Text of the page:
eof a build-in command, checks for an end-of-file condition on a channel. The name is an acronym for End Of File.

The same as chan eof.

See Also

Frequently-Made Mistakes in Tcl ,by Cameron Laird
Describes a common [eof] mistake
detect whether a read operation exhausted all available input


official reference


eof channelId


[eof] is used to determine whether the channel has reached the end of input.

Returns 1 if an end of file condition occurred during the most recent input operation on channelId (such as gets), 0 otherwise.

ChannelId must be an identifier for an open channel such as a Tcl standard channel (stdin, stdout, or stderr), the return value from an invocation of open or socket, or the result of a channel creation command provided by a Tcl extension.

When [eof] is true for a socket channel, it's time to close that socket.

[eof] is only true after no more characters can be read from the channel, so usually you'll want to first try to read the channel, and if you only get back the empty, use [eof] to determine whether you've reached the end of the channel:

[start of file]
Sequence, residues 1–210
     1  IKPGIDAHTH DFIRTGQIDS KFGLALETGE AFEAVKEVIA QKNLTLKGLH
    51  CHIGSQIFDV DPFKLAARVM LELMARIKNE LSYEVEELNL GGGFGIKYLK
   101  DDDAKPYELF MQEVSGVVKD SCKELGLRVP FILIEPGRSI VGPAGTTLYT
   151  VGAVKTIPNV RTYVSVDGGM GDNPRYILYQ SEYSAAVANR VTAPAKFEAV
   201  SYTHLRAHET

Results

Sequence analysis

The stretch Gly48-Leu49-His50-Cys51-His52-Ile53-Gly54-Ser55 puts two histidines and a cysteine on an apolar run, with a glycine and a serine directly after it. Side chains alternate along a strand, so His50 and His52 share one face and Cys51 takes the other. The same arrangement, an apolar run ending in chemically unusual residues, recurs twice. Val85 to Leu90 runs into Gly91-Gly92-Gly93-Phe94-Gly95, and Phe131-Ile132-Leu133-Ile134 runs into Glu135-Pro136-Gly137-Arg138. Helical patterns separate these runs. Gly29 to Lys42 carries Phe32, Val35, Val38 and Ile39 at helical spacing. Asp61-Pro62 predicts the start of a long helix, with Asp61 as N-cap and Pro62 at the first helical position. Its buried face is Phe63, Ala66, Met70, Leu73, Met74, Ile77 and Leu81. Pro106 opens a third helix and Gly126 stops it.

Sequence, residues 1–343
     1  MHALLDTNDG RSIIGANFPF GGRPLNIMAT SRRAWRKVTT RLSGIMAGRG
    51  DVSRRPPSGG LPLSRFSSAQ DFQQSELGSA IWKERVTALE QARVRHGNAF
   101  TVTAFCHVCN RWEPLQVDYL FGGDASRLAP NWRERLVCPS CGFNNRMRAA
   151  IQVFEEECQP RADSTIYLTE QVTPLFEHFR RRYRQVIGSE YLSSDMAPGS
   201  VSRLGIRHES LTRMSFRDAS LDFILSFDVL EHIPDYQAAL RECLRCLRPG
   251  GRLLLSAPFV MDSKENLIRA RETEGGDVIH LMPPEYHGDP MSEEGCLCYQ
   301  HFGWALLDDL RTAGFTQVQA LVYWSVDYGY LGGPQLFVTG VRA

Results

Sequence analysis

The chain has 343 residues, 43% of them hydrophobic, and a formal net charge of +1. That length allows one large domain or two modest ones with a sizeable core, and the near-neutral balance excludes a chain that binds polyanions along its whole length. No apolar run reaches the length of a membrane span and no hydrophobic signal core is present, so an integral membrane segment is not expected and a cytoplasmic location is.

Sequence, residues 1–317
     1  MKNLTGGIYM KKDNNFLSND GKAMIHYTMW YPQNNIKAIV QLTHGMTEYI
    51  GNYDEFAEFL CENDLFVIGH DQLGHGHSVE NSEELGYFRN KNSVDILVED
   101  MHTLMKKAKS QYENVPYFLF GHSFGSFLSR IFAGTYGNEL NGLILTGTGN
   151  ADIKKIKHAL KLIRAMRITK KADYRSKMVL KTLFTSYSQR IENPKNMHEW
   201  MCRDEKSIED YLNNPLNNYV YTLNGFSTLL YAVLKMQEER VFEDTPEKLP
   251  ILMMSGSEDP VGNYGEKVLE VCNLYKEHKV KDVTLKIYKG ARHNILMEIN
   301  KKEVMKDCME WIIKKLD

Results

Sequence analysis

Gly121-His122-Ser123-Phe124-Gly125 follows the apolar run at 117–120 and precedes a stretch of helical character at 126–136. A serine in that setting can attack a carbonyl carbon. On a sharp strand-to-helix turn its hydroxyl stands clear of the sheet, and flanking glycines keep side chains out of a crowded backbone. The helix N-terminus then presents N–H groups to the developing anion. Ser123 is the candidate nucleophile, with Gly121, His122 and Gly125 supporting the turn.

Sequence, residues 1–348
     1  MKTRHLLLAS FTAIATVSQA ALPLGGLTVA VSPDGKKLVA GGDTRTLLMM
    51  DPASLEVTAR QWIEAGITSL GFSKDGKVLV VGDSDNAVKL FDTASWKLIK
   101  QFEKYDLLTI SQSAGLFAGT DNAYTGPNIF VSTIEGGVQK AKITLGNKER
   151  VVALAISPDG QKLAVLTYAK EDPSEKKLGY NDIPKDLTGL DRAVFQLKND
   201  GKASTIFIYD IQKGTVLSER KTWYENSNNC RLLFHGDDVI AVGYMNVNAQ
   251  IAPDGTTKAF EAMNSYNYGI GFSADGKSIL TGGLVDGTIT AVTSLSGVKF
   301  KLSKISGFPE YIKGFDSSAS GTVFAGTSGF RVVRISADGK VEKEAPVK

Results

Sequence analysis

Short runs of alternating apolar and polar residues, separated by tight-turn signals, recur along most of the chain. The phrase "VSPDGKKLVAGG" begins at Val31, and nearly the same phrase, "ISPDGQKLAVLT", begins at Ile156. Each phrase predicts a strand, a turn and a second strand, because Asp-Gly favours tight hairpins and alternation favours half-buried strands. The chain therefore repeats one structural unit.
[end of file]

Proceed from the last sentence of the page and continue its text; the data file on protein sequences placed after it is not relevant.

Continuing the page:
while 1 {
        if {[gets $chan line] > 0} {
                #do stuff
        } else {
                if {[eof $chan]} {
                        close $chan
                } else {
                        #haven't reached the end of a non-blocking channel
                        #give it a moment
                        after 20 

instead of

#warning! Bad Code!
while {![eof $fp]} {
   gets $fp line
   if [eof $fp] break ;# otherwise loops one time too many
} ;# RS  

Another alternative:

gets $fp line
while {![eof $fp]} {
    # process line
    gets $fp line

Also, gets returns -1 when it encountered an EOF. Hence, I now always write:

while {[gets $fp line] >= 0} {
close $fp